A great real estate deal can turn sour in the blink of an eye with a bad home inspections, but award-winning real estate coaches Tim and Julie Harris focus on the issue and offer points to avoid losing deals to poor inspections and under-qualified inspectors.

Today, the inspection is something that is used by buyers agents to re-negotiate the contract, notes Tim Harris, and this is not what an inspection is intended to be about.

“A home inspection is supposed to be something that is obviously used to give the buyer an opportunity to clearly understand the condition to the property and to give the seller the opportunity to decide if they want to fix whatever items are wrong with the property,” he explained.

The inspection has been twisted into something in which the agent can take a nickel-and-dime repair and turn it into something that may escalate to thousands of dollars just for the sake of placating their buyers. Moreover, there is no guarantee that the issues raised are even legitimate.

Poorly qualified inspectors are often manipulated to justify lower sales offers.

Nine times out of 10, inspection issues are the result of agents that don’t know how to negotiate with their sellers or buyers. Tim also points out that they also may not adequately prepare their clients for home inspection issues that typically come up with most listings.

Why is this happening?

“Does the buyer suddenly decide they want $25,000 off?” Tim Harris said. “Or is it the agent who is trying to play games and justify their commission? Very rarely does the buyer want to lose it over inspection. It is the agents who are losing homes over inspections.”

Julie Harris said agents should stop playing home inspector. Some buyer agents haven’t had adequate coaching to be able to handle home inspections and should know when to back off and avoid risk losing a home for their clients.

“The agent somehow thinks they are obligated to point out all of the things wrong with the house, even if the buyer is not concerned and whether it is even accurate or not,” Julie Harris said.

This means that one of two things may be occurring: The agent may talk the buyer out of buying the house or unsettle them about the home inspection process when they are under contract.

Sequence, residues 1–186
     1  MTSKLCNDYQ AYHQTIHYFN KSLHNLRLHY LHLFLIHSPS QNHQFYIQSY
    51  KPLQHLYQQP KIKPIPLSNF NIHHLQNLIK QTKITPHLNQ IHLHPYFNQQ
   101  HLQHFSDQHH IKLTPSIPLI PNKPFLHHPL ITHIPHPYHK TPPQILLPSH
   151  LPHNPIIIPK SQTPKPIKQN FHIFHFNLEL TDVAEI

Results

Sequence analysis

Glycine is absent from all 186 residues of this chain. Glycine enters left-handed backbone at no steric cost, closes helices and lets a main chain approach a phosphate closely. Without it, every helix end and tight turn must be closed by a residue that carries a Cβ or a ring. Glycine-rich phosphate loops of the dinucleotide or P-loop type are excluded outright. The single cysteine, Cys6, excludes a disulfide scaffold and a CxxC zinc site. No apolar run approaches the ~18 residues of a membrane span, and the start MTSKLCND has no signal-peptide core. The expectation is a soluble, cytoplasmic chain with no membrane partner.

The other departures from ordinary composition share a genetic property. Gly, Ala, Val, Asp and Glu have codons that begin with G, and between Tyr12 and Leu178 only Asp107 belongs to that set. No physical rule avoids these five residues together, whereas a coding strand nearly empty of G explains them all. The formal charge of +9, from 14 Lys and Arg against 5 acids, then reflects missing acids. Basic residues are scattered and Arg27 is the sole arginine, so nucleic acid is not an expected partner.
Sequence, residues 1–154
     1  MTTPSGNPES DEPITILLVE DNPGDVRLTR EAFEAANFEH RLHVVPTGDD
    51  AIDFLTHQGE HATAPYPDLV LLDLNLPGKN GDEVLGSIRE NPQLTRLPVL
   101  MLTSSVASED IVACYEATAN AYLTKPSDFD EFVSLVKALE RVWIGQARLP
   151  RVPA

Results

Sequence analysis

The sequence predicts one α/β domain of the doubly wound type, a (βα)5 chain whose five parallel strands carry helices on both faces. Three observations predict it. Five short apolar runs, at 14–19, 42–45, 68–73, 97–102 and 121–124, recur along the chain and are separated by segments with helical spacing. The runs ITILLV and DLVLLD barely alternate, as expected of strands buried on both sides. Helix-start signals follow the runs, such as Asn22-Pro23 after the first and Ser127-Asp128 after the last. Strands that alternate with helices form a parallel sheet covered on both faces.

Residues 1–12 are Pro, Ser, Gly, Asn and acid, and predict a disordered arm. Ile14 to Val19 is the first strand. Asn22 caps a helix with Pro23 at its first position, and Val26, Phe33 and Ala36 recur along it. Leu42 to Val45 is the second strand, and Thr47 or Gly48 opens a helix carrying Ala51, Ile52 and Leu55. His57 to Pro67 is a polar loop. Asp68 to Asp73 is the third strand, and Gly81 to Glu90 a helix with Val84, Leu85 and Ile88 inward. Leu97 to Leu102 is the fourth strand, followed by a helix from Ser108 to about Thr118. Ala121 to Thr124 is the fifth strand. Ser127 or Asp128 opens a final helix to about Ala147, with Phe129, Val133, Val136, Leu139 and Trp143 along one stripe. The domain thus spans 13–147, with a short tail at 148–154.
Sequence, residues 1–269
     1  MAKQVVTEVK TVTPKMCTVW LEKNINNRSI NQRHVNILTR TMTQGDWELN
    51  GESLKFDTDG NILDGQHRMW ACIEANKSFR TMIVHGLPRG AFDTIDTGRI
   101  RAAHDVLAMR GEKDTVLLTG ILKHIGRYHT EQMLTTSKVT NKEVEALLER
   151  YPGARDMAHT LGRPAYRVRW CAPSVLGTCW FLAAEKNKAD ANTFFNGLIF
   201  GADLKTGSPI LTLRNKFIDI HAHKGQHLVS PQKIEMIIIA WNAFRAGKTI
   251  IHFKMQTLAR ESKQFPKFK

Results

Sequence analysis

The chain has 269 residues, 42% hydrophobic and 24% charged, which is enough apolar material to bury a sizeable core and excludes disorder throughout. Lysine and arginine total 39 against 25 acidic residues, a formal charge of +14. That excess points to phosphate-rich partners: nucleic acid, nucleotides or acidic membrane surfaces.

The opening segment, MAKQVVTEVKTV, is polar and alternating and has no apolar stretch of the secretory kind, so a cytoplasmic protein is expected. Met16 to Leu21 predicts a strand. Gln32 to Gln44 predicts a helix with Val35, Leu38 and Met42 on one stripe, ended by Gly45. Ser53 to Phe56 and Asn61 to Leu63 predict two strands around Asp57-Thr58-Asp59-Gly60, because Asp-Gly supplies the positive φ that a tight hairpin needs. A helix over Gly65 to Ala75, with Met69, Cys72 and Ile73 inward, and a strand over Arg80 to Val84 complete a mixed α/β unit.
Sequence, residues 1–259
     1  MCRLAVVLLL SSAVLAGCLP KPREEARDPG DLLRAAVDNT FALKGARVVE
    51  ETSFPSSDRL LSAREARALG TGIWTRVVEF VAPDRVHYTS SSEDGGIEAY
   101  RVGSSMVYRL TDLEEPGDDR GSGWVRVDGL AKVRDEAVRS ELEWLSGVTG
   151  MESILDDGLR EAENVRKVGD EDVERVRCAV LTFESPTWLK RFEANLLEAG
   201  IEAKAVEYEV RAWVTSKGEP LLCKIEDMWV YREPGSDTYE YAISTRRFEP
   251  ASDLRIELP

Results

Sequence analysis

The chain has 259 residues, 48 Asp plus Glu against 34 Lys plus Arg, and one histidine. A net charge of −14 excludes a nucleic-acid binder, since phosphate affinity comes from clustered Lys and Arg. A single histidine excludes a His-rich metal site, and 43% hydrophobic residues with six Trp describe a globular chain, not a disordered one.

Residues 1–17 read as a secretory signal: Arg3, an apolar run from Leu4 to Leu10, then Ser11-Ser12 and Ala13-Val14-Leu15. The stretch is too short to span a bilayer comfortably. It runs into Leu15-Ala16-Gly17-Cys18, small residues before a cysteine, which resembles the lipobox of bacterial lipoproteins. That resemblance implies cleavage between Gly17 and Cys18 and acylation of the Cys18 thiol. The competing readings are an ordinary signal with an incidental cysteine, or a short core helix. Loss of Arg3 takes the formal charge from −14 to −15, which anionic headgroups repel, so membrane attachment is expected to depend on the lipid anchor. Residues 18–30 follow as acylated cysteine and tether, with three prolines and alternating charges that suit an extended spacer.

To head off these problems, savvy listing agents are advising their sellers to have their homes pre-inspected.  Knowing that an inspection can be a deal killer, this can head that potential problem off from the very start.

“The sellers can get in front of issues and fix them while they are still in control,” Julie Harris said. “Whenever your clients feel out of control, it creates problems for you and for them and causes unnecessary stress.”

The best solution is to have your seller engage in a pre-inspection to avoid price-lowering issues ahead of time.

Inspections items can be taken care of while your clients are in control. They can choose the contractor and know that repairs are legitimate and done correctly and at an affordable cost.

“You have a pre-inspection report with an HVAC certification of all of the repairs done sitting on the counter,” Julie Harris said. “The buyer doesn’t even have to have an inspection of they don’t want one. This gives you an edge vs. the competition.”

Tim Harris noted there are some home warranties available that offer sellers’ coverage. You can start the home warranty when you take the listing, have the home pre-inspected and have the home warranty company fix whatever is wrong before you even receive a contract.

“If you are in a competitive listing situation and are competing with three other agents who don’t know what we just told you, how much more attractive are you going to be to that prospective seller?” Tim Harris pointed out.

As a seller’s agent, a pre-listing inspection to make the sale as quick and as simple as possible.